Part of Detroit's development dilemma is that we lost a culture of local small businesses over the past few decades, as automakers provided good-paying jobs and entrepreneurs moved to the suburbs. Last week's bankruptcy filing by Chrysler and the possibility of General Motors taking the same route are the most recent signs that those days are over. We need thousands of small businesses cropping up to provide the needed employment and tax base if Detroit is going to enter a future time of vibrancy. Small local businesses keep money circulating in the community and don't have absent corporate owners whose only gauge of success is megaprofits.
I say Detroit, but I really mean the entire southeast corner of lower Michigan. As much as some folks feel like they don't need each other, watching the Big Three automakers sink proves without a doubt that we're all in the same boat. "Ultimately there is no substitute for increased vibrant central cities," says Lou Glazer, president of the nonprofit Michigan Future Inc. "We've got to have central cities at work. It's horrific, yet sort of wishing and hoping that central cities don't matter is wrong. It turns out to matter so much that we've got to figure out how to overcome barriers."
All of it, from a small shop employing three people to an entire region connected by a great public transportation system, must come into play. And it will take decades to get it all in place.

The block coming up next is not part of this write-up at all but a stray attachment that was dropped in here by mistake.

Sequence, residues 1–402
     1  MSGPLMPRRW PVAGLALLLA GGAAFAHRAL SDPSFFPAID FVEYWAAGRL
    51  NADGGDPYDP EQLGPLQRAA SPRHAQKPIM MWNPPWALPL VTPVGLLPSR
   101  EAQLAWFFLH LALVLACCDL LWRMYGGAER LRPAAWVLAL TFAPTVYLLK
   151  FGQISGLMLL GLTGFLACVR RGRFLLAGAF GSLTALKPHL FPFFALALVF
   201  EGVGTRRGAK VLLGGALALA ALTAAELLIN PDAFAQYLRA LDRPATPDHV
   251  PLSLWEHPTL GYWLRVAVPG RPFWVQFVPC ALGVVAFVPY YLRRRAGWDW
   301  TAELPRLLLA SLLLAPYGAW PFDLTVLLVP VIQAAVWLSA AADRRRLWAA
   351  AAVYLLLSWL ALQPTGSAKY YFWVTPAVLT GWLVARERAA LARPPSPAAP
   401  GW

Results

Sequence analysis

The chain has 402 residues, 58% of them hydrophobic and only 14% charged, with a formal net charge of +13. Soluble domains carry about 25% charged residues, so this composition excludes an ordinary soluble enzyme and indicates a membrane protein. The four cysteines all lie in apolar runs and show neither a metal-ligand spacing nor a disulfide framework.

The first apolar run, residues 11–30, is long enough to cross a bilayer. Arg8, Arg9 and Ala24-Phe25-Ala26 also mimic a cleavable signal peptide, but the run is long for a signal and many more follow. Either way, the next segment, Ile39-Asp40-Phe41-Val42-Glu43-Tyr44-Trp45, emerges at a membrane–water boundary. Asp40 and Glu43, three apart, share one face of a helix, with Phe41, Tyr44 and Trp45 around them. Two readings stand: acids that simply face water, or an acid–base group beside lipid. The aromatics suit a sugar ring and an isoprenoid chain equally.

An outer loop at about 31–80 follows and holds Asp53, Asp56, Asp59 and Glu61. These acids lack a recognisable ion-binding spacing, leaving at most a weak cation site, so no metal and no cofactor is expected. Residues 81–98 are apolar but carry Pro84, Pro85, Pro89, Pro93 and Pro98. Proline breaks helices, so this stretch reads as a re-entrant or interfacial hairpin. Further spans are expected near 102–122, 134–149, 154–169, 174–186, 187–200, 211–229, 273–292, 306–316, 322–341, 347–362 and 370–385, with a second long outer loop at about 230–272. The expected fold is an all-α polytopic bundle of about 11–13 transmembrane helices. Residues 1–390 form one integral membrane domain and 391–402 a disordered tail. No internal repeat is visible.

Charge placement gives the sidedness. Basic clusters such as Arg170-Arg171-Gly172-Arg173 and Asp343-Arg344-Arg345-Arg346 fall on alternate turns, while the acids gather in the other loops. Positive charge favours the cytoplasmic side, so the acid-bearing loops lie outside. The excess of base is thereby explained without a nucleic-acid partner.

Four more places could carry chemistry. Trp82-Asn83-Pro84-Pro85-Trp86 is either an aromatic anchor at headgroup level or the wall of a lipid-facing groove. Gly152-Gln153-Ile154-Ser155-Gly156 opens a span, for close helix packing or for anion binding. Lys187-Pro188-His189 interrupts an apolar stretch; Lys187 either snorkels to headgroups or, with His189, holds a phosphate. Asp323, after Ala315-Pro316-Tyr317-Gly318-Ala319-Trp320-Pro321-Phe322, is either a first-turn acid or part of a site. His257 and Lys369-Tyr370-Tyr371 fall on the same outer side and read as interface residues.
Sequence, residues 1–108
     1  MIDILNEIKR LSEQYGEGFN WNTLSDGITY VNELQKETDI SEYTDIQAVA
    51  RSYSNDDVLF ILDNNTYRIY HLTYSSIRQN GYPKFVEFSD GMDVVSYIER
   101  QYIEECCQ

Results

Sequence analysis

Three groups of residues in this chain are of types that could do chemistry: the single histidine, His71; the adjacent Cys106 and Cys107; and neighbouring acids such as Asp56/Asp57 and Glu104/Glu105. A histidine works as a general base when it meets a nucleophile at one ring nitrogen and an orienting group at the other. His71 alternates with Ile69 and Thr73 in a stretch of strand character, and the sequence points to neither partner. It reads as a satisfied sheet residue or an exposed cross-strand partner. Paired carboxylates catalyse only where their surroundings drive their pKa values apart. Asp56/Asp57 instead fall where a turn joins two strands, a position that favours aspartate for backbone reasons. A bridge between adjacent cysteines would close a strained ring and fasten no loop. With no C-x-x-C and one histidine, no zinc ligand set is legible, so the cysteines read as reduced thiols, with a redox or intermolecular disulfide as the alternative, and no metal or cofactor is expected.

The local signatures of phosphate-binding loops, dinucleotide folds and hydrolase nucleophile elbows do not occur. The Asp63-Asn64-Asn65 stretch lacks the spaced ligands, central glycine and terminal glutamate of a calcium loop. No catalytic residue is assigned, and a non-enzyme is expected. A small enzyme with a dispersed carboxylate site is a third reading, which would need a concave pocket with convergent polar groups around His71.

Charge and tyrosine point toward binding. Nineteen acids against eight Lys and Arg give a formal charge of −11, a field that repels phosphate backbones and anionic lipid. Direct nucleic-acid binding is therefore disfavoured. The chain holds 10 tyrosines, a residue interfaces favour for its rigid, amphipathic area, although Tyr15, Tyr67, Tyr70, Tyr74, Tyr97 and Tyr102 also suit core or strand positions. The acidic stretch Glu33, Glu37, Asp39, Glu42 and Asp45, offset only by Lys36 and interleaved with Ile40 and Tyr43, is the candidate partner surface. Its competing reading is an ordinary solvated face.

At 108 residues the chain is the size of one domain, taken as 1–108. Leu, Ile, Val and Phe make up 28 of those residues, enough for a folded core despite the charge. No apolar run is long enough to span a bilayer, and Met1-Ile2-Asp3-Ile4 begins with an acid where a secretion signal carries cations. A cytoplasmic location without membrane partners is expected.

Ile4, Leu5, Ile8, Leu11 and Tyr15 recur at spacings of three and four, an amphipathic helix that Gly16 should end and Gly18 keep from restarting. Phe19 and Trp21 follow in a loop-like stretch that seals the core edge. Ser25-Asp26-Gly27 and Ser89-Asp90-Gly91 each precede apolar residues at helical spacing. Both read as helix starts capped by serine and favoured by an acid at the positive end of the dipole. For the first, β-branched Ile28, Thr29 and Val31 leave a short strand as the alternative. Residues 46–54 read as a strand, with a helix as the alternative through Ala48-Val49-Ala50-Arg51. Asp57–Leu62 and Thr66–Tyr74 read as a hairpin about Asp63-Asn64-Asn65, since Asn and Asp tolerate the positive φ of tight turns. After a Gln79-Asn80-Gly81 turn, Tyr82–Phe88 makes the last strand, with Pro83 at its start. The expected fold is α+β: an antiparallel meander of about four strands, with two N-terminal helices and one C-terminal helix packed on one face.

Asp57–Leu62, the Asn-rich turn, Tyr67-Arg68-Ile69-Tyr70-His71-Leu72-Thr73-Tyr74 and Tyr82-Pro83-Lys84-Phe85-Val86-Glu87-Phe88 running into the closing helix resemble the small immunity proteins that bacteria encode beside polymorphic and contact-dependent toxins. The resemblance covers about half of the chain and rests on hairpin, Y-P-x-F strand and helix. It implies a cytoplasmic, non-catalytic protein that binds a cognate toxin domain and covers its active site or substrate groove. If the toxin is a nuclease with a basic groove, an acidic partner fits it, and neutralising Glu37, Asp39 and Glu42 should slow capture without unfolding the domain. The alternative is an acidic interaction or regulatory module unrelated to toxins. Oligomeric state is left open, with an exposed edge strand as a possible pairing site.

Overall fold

Ten years ago, my wife used to walk my daughter around the neighborhood looking for other mothers with small children. We live in Greenacres, considered one of the more affluent city neighborhoods. As nice as things are around here, the nice houses and all the lovely trees, there is no gathering place where mothers of young children might meet and greet. Sometimes my neighbors complain about teenagers gathering on the corners or playing basketball in the street. Where else do you expect them to be? There's nothing here but houses, nice houses, but little else that you can get to without a vehicle.
We need a neighborhood zocalo. Someplace we can walk to. Walking is the best exercise for people; it may well be the best exercise for community.
Larry Gabriel is a writer, musician and former editor of Metro Times. Contact him at email@example.com.